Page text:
A year removed from his breakout supporting turn in Easy Rider, Jack Nicholson moved to headliner status in this 1970 character study. Filmed during a time when character studies weren’t exactly prevalent in Hollywood, director Bob Rafelson’s film helped to lead a shift in the industry that paved the way for subsequent ‘70s greats. That’s not to say it holds up well, as it now seems to be a dated relic of a bygone era.
Nicholson’s character Bobby Dupea is introduced as a lackadaisical oil-field worker, content to toil away in his job during the day and blow his pay on gambling and booze at night. He’s got a simple-minded girlfriend (Karen Black), but otherwise very little responsibility. When he gets a fateful call that he’s needed back at his family home to see his ailing father, it’s slowly revealed that he’s been deceiving everyone including himself, as he actually hails from upper-middle-class wealth and was well known as a piano prodigy. It’s never really explained why he ran from his cozy station in life, but Nicholson milks the drama to produce a memorable, class-conflicted character.
The picture quality is superb on Blu-ray, with spotless and vibrant images that were scanned in 4K resolution directly from the original camera negative and the black-and-white separation masters. Only minor film grain is noticeable, well below what one would normally expect of films of that era. The monaural soundtrack was remastered at 24-bit from the original 35mm magnetic 3-track masters, and while it’s spotlessly clean, it’s also largely unremarkable due to the mostly conversational nature of the work.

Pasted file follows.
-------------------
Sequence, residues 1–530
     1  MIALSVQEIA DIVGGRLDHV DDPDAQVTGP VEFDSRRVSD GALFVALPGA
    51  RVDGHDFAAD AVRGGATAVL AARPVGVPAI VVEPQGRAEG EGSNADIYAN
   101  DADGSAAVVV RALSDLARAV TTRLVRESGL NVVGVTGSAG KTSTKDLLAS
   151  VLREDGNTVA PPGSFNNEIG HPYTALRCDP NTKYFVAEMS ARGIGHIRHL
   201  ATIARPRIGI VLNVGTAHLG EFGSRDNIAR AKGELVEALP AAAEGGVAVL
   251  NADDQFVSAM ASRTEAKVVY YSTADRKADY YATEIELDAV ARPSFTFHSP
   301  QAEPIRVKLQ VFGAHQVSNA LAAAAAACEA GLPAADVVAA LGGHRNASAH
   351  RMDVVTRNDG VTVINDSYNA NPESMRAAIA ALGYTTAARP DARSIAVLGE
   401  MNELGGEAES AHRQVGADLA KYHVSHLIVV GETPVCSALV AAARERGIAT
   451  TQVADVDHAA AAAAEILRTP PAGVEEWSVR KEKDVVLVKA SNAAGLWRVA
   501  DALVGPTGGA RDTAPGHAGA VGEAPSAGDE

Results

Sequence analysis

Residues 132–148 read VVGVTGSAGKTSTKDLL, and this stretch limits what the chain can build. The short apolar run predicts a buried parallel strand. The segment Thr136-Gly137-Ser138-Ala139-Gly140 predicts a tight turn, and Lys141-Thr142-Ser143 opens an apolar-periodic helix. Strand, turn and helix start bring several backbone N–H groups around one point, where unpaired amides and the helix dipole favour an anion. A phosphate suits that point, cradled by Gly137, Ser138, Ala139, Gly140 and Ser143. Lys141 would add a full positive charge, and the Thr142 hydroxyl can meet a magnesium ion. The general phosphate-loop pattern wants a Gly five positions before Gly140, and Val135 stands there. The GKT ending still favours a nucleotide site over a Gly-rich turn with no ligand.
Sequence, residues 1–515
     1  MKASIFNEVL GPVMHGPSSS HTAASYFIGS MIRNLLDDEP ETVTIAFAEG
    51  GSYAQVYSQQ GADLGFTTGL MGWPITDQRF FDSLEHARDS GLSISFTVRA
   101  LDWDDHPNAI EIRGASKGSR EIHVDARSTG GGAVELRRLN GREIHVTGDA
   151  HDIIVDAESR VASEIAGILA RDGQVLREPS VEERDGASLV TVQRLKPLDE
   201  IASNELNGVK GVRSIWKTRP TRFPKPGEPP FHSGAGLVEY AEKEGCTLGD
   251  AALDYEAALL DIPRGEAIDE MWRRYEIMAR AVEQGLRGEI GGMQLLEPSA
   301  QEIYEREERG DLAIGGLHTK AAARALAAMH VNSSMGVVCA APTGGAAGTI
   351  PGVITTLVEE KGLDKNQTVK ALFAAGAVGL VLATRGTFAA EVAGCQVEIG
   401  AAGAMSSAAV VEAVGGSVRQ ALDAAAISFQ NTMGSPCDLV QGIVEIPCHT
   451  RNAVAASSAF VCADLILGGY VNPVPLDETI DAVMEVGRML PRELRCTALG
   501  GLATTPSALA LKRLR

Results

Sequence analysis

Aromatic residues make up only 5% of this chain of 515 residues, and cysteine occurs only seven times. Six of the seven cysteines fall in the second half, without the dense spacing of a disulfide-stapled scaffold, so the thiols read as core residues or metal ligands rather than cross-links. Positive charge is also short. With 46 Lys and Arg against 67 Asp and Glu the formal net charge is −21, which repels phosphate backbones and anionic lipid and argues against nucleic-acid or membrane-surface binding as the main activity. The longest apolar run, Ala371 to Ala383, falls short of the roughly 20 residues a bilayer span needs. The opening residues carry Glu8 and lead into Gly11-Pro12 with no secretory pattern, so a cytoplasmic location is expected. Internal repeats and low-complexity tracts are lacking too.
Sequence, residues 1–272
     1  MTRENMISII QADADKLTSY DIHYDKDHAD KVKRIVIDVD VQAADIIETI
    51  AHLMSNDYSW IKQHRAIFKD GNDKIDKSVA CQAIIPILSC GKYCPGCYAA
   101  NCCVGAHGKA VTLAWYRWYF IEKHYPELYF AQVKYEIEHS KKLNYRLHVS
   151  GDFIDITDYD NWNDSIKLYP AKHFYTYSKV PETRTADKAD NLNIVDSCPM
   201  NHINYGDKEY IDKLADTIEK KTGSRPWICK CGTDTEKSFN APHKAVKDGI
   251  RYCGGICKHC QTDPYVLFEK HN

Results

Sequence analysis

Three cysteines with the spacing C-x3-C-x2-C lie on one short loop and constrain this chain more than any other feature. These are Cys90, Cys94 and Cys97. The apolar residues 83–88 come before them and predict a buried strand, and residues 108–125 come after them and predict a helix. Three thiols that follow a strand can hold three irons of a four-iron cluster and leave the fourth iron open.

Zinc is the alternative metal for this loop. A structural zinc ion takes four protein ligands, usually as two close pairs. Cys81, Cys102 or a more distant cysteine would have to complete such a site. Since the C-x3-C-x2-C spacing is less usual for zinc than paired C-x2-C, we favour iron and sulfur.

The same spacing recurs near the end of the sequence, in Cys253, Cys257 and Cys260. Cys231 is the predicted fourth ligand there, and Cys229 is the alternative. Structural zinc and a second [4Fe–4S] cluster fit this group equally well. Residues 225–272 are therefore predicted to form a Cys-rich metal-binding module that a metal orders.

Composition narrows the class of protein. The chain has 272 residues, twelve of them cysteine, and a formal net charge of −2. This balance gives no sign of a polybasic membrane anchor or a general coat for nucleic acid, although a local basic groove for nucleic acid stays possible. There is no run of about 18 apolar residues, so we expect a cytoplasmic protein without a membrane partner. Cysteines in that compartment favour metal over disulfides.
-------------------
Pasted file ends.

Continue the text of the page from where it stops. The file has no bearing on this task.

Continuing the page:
Bonus features include audio commentary by Bob Rafelson and interior designer Toby Rafelson, a short 2009 piece featuring Rafelson, a documentary about Rafelson's film company BBS Productions featuring a film critic and a historian, audio excerpts from an 1976 AFI interview with Rafelson, and the best one: BBStory, a detailed 2009 documentary about BBS including interviews with Rafelson, Nicholson, Black, Ellen Burstyn, as well as directors Peter Bogdanovich and Henry Jaglom. While the bonus features lean more heavily toward exploring the legacy of BBS as a whole rather than the film on its own, there’s still a decent amount of anecdotal material about the film to satisfy viewers looking to expand their knowledge.